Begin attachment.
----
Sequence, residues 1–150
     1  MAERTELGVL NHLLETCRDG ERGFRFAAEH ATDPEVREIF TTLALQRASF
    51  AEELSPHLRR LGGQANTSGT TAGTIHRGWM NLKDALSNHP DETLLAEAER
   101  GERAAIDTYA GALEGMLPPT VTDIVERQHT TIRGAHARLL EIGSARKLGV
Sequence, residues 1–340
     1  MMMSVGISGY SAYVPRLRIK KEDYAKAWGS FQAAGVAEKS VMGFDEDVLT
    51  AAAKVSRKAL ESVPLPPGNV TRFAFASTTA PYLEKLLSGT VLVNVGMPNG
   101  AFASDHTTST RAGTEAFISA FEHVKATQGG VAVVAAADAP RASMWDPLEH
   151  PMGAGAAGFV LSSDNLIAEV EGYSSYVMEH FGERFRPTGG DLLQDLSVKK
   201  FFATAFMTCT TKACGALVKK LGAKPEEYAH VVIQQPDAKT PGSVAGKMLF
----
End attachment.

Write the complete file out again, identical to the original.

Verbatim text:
Sequence, residues 1–150
     1  MAERTELGVL NHLLETCRDG ERGFRFAAEH ATDPEVREIF TTLALQRASF
    51  AEELSPHLRR LGGQANTSGT TAGTIHRGWM NLKDALSNHP DETLLAEAER
   101  GERAAIDTYA GALEGMLPPT VTDIVERQHT TIRGAHARLL EIGSARKLGV
Sequence, residues 1–340
     1  MMMSVGISGY SAYVPRLRIK KEDYAKAWGS FQAAGVAEKS VMGFDEDVLT
    51  AAAKVSRKAL ESVPLPPGNV TRFAFASTTA PYLEKLLSGT VLVNVGMPNG
   101  AFASDHTTST RAGTEAFISA FEHVKATQGG VAVVAAADAP RASMWDPLEH
   151  PMGAGAAGFV LSSDNLIAEV EGYSSYVMEH FGERFRPTGG DLLQDLSVKK
   201  FFATAFMTCT TKACGALVKK LGAKPEEYAH VVIQQPDAKT PGSVAGKMLF